China’s most senior officials endorse economic plans for years ahead

China’s most senior officials endorse economic plans for years ahead

But they left one little thing out

Almost exactly ten years ago, in a typically roundabout way, China made clear who its next leader would be. A man who, not long earlier, had been far less famous than his folk-singer wife was made vice-chairman of the Communist Party’s Central Military Commission. Sure enough, two years later, he took charge of the party and the armed forces and became China’s most powerful ruler since Mao Zedong. Were precedent to be followed, a meeting of senior officials in Beijing this week would have provided just such a clue about who would succeed Xi Jinping. It provided nothing of the sort.

That is no surprise. When China’s constitution was revised in 2018 to scrap a limit of two five-year terms for the post of state president, which Mr Xi also holds, it was a clear signal that he did not wish to step down when his ten years were up. As head of the party, he was not bound by any term limit. But his predecessor, Hu Jintao, had given up both party and state roles in quick succession. Mr Xi had been expected to follow Mr Hu’s lead.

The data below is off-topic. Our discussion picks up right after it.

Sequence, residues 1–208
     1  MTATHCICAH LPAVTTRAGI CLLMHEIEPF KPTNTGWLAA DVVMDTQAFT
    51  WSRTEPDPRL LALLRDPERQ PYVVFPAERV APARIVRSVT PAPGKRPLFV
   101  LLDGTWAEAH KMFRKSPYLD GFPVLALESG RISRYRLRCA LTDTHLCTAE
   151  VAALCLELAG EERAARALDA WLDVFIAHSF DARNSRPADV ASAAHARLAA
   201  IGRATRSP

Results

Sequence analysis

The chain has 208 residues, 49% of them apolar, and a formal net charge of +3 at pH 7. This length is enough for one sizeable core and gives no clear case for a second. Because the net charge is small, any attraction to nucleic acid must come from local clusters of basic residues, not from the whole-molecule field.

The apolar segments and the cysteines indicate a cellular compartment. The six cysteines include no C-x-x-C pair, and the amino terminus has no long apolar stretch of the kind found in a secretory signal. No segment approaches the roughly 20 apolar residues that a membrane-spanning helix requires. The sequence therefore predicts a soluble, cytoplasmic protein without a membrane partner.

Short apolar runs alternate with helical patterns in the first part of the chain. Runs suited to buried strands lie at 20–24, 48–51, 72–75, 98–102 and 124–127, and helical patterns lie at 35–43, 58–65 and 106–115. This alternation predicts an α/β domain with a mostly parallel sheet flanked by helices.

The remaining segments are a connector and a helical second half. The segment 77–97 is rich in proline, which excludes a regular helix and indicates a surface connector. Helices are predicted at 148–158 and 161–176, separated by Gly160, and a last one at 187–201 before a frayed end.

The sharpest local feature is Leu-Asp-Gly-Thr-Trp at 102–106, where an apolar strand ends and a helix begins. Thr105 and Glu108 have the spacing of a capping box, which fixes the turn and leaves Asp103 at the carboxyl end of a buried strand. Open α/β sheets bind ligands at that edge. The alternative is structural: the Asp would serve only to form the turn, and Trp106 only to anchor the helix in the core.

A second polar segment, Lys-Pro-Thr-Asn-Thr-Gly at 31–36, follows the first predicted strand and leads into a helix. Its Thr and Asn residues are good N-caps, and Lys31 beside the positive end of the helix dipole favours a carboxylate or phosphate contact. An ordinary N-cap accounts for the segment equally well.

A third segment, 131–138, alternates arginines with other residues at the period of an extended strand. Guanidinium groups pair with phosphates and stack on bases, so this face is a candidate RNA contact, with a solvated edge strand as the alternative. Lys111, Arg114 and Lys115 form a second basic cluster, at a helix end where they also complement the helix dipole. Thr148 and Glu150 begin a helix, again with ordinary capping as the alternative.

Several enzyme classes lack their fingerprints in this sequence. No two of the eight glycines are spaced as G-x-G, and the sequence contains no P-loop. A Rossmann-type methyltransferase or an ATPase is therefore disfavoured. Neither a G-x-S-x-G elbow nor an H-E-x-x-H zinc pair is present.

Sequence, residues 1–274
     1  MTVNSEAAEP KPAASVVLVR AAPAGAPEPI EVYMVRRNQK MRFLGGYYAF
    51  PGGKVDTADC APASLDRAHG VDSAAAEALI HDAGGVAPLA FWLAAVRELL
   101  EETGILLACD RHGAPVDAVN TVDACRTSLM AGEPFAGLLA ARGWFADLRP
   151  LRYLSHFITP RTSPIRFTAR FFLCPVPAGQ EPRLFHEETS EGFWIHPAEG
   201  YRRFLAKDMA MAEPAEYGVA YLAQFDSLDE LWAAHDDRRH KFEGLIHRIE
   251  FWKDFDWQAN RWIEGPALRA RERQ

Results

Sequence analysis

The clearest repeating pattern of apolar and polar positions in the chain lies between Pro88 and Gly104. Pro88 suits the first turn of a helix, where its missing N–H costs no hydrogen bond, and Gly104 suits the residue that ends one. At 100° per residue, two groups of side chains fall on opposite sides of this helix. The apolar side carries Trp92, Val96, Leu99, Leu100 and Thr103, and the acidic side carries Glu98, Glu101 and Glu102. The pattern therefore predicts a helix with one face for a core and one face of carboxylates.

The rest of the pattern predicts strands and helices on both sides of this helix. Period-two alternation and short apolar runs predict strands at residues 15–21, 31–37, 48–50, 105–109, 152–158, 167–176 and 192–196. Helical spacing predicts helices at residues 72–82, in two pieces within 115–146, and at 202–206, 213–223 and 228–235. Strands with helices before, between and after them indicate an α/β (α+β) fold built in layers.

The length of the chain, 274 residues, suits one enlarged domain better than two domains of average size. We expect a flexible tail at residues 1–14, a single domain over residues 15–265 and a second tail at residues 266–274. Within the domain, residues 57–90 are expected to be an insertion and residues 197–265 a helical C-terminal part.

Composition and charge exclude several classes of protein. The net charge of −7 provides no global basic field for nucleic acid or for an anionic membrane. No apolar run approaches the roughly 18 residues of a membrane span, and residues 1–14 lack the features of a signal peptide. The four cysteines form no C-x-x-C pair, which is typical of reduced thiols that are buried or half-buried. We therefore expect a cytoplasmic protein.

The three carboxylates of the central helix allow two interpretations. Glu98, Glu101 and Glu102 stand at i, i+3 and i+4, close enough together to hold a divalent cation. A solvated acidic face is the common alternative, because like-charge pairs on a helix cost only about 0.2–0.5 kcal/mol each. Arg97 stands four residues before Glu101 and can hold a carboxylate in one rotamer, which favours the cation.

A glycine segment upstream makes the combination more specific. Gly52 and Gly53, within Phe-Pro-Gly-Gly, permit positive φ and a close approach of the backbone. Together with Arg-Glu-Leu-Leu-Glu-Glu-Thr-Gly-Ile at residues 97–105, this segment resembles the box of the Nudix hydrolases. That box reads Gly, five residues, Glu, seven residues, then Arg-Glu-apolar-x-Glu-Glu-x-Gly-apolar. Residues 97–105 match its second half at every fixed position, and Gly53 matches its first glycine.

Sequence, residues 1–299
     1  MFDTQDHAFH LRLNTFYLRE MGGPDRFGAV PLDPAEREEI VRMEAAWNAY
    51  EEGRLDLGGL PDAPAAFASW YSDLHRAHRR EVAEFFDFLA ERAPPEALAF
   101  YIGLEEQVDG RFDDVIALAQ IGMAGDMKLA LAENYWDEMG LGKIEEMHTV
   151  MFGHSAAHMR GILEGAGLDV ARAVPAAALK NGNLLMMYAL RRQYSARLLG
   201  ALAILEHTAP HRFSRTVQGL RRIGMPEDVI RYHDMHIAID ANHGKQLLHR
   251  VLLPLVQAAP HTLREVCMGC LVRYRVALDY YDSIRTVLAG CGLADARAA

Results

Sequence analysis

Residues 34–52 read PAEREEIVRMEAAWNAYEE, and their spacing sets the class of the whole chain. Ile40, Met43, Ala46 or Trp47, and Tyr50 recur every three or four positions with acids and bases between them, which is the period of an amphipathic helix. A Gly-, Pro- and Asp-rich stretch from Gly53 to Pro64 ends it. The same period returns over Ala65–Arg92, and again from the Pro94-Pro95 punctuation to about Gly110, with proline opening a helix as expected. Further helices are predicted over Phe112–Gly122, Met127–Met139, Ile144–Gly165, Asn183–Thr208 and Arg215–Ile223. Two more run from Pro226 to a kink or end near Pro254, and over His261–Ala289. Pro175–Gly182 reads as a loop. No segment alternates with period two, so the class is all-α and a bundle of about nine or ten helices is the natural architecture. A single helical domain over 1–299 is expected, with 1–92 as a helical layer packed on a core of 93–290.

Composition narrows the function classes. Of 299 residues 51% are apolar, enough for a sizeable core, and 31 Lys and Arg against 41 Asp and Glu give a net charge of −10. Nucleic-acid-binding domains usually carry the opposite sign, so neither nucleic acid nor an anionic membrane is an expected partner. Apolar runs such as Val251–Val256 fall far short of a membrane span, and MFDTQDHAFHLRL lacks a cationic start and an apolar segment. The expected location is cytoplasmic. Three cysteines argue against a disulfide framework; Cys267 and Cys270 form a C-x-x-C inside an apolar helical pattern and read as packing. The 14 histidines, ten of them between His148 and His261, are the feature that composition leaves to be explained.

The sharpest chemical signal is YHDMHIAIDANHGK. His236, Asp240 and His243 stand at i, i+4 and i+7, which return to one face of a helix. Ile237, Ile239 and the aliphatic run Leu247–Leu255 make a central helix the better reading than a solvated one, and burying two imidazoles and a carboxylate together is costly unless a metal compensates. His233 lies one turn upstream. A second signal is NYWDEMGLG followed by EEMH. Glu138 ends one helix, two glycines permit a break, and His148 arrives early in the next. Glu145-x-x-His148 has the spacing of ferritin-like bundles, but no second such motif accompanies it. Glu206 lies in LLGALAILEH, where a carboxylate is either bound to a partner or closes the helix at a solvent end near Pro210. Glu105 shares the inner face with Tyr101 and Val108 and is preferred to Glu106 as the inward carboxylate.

For anyone still in doubt about Mr Xi’s intentions, the party’s just-concluded meeting gave a hint as obvious as the one in 2010 that heralded his rise to power. A communiqué issued on October 29th, at the end of the four-day conclave of its roughly 370-strong Central Committee, said the gathering had endorsed “recommendations” for a five-year economic plan and a blueprint for China’s development until 2035 (full details of these had yet to be published when The Economist went to press). But it made no mention of any new civilian appointment to the military commission.